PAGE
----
[extropy-chat] BIO: overtorqing the luddites

Adrian Tymes wingcat at pacbell.net
Wed Feb 18 21:59:39 UTC 2004

--- "Robert J. Bradbury" <bradbury at aeiveos.com> wrote:
> But if one bars reproductive cloning on the basis of
> the probable increase in genetic defects one rides
> into a bioethics swamp.
> If you adopt a position that it is illegal to allow
> deformed children to be born -- then don't you have
> to
> bar the (informed) birth of children with Down's
> Syndrome,
> Cystic Fibrosis, Muscular Dystrophy and any of the
> other
> 5000+ known genetic diseases?

That's the direction I see the law heading towards.
Today, ethics aside, it is impractical to require all
potential parents to get genetic screening - and the
potential remedies (abortion, pills, and the like)
are not fully accepted or (in the case of gene
therapy) also not economically practical at this time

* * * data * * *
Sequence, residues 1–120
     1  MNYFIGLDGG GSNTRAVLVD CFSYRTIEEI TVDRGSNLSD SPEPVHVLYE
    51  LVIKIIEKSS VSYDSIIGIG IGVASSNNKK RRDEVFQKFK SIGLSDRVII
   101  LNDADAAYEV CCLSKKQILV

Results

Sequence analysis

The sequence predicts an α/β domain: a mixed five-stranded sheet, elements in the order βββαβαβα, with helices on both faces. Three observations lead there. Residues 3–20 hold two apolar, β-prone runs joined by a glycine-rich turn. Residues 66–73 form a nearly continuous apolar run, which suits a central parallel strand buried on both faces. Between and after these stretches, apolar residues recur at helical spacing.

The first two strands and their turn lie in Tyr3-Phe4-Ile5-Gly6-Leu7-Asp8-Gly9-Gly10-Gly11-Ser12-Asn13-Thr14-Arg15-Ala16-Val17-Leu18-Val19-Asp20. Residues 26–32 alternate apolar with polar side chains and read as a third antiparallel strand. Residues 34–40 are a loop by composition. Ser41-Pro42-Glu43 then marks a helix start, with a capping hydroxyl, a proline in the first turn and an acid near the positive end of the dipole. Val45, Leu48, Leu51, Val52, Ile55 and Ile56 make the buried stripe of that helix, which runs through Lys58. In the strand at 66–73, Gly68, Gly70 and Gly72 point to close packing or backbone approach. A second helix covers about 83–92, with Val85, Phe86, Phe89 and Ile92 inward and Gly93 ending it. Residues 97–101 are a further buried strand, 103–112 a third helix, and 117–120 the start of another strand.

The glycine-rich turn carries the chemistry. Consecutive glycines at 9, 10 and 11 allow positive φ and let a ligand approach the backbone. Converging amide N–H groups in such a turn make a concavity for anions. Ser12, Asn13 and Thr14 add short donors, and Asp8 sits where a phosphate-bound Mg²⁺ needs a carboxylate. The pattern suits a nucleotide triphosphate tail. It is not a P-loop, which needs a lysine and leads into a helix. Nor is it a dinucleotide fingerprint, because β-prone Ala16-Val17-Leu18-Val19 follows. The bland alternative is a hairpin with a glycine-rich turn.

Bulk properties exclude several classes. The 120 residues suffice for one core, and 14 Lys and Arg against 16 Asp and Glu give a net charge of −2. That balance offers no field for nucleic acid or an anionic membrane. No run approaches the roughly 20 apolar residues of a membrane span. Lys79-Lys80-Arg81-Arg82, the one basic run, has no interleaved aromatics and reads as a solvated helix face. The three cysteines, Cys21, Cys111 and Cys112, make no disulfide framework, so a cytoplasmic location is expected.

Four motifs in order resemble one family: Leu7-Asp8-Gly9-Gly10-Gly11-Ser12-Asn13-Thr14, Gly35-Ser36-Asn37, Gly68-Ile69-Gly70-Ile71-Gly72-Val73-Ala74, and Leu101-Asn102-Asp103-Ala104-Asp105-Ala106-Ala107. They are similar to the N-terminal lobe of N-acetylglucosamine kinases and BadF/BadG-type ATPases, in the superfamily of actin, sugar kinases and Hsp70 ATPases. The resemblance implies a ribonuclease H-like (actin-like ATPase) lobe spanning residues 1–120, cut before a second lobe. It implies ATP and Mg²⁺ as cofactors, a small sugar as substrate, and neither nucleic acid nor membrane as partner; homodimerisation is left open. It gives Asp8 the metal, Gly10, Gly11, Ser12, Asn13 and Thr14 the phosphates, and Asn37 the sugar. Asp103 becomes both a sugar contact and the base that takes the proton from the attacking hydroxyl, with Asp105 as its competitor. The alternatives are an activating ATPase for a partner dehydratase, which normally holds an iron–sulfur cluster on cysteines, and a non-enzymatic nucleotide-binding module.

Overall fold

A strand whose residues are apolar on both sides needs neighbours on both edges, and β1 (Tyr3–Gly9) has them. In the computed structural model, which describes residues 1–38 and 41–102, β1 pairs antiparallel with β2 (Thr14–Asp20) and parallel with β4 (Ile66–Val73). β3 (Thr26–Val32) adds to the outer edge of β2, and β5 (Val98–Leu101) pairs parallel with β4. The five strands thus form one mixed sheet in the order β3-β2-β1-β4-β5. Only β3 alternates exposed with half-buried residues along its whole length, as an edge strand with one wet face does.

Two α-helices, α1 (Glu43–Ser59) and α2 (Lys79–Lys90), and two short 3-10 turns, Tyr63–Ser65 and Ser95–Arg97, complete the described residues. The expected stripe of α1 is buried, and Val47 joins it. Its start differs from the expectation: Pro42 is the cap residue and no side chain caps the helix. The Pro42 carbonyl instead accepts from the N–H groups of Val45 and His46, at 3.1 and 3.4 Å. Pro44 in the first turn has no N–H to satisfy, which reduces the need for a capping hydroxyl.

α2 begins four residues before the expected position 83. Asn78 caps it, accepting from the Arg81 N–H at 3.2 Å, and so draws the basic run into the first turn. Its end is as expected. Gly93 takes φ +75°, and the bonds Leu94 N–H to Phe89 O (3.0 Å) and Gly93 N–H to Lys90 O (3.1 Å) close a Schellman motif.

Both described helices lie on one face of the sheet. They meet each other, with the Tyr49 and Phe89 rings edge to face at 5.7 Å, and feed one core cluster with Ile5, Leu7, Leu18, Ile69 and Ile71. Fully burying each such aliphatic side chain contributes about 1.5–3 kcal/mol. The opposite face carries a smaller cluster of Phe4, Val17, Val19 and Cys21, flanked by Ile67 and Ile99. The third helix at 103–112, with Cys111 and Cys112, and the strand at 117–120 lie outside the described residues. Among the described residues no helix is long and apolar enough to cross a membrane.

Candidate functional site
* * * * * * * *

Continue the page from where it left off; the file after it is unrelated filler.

due to the immaturity of the technology.  So as a
practical matter, it would be useless to forbid birth

Once it does become practical, you can expect to see
this seriously proposed.  "What parent would want to
see their child born disabled, when it is so easy to
correct?  What reason is there not to require this,
other than to coddle irresponsible parents?  Won't
someone think of the children?"

But, today, reproductive cloning can be prohibited as
a practical matter.  It's only a step, but it's better
than nothing from this point of view.

> It is then but a small step to
> prohibiting
> reproduction by people with *any* genetic defect
> (and we all probably have 5-10 of them).
> You are on a *very* slippery slope.

Define "defect".  For things that everyone agrees are
defects, if they can be corrected, see above.  (If
they can not, then having children at all takes
precedence over having fixed children.  But I suspect
that this issue will seriously arise only after
genetic defects in unborn children can easily be
fixed.)  For things that not everyone agrees are
defects (for instance, deafness today), the debate
centers around whether the trait really is a defect.

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